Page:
If I'm a smart person, why can't I understand philosophy?

Hi, all.

I’m serious. I can write PDP-8 Assembler. Besides English and computer languages, I speak two languages and can limp around in several others, including Russian and Japanese. I understand a pretty decent amount of liturgical Latin and liturgical Hebrew. Among my other talents is the ability to give a bath to a cat with no injuries inflicted to either party.

But – I don’t get philosophy (or theology, but that might be a horse of a different color). Last night on a re-run of CSI, the head police officer was quoting Jacques Derrida. I looked up Derrida on Wikipedia this morning and was almost immediately flummoxed.

Whenever I try to read philosophy, I keep getting the feeling that I should be able to understand it – but I can’t! Anyone have an explanation? Anyone else have these same feelings? Thanks!

Faulty premise? Just kidding. Can you be more specific about what you don’t understand?

Philosophy is largely written down by impractical misanthropes who live a lonely life picking apart the minutiae of everyday existance.

You might want to pick up some book that will explain the basics of epistemology and ontology to you and outlines the basic schools of philosophy for you.

Derrida as I understand it is a postmodernist, never read his stuff but postmodernism isn’t a good place to begin as it’s often a deconstruction of what can before it.

I don’t understand why you’d have such a problem with philosophy, odds are it has impacted you in ways you don’t understand.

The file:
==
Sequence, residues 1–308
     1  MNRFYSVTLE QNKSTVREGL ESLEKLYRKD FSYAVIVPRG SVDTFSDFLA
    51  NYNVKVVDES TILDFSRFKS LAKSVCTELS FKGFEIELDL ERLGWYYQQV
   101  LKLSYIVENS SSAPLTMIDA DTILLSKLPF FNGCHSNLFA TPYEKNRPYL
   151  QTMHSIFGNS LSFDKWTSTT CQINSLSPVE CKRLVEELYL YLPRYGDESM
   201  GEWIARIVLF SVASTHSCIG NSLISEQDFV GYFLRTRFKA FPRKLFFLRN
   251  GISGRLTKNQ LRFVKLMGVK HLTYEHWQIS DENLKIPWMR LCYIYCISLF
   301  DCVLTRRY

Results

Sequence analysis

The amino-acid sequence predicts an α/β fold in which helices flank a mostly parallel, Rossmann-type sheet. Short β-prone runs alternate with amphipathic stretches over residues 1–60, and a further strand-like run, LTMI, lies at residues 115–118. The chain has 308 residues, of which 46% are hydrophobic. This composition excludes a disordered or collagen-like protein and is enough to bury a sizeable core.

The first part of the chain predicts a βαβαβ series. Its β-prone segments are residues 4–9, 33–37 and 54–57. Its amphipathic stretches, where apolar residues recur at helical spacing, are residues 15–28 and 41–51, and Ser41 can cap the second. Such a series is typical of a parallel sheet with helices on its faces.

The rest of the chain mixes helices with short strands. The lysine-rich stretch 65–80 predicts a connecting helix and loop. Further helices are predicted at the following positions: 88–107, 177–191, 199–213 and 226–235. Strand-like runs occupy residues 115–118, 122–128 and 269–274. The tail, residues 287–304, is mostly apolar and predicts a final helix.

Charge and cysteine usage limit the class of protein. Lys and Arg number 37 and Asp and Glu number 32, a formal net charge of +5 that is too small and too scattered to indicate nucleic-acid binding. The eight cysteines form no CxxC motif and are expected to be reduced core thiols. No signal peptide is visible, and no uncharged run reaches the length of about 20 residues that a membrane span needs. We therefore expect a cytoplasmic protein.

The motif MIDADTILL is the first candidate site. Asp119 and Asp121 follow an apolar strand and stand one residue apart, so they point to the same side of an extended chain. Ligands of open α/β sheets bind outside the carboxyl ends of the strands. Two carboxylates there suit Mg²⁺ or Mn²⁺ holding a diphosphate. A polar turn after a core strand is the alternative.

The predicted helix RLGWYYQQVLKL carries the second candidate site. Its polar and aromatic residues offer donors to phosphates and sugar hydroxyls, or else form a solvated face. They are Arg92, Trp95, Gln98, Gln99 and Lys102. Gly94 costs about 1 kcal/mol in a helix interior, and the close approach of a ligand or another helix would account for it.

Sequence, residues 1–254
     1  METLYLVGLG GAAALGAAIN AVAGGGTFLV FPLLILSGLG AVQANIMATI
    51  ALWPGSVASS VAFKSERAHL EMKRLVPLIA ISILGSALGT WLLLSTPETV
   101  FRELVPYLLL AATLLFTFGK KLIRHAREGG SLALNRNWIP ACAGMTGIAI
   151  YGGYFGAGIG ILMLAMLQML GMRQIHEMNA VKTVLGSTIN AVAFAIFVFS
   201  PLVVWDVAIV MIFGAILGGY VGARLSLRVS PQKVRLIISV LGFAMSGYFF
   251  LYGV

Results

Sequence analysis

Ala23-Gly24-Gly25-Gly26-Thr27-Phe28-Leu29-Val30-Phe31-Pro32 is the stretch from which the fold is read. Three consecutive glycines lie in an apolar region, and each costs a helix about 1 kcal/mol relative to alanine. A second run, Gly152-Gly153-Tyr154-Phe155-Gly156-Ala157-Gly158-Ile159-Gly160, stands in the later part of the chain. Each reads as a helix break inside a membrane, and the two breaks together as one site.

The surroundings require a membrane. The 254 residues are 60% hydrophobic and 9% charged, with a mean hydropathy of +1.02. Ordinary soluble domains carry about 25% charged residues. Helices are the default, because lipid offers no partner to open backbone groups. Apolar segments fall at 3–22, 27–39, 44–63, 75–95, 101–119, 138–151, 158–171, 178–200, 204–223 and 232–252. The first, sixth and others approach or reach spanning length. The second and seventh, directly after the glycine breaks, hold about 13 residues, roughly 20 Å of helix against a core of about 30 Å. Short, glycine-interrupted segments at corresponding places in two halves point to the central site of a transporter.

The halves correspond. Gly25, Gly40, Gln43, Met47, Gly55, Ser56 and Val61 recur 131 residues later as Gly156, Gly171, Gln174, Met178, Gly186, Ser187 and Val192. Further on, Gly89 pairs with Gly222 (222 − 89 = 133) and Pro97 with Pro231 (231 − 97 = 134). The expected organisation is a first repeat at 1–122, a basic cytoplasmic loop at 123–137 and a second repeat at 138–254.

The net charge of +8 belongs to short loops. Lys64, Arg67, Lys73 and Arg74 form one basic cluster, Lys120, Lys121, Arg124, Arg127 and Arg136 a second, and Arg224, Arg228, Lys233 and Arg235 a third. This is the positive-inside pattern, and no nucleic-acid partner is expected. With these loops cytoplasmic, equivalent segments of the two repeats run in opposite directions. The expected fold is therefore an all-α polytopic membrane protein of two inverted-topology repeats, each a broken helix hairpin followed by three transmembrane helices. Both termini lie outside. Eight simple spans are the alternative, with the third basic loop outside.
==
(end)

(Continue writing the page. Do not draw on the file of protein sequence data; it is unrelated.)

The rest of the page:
Most of it is incredibly turgid and oftentimes pointless, so that might be part of your problem.

Here’s some light philosophy reading for you. Read the Declaration of Independence, it’s a philosophical manifesto and undergirds the foundation of the United States of America. If you can understand it you can understand philosophy.

Philosophy is very broad, covering any subject from jurisprudence, to critical thought, to appropriate methods for incarceration, to how we use money and even how we use our computers.

Do you think incredibly literally? That might make for a good computer programmer but a poor philosopher as philosophy is often steeped in allegory. When Nietzche talks about Tarantulas he is talking about predatory human beings feeding off of one another.

Well, Derrida is a very difficult place to start. He was willful obscure, and was responding to a very particular set of prior assumptions about the nature of literary experience. If you don’t know the context of what he was trying to do, he’ll be almost incomprehensible. (And will probably be incomprehensible even if you do.)

The tricky thing I think about philosophy is that it often looks like it’s written in plain English but actually many of the words have very specific meanings that are different in significant ways from how they’re used in casual conversation. So a simple word like “intention” or “text” may have a very different meaning than you think it does. But because it’s not clearly a bit of technical jargon like “bandwidth” or “latency” you may not realize that you don’t understand the terms.

This is a very good book. Scruton is a witty and engaging writer who explains trends in “modern” (i.e. post renaissance) philosophy for the general intelligent reader. He’s aware of his own biases and always gives the other side it’s due.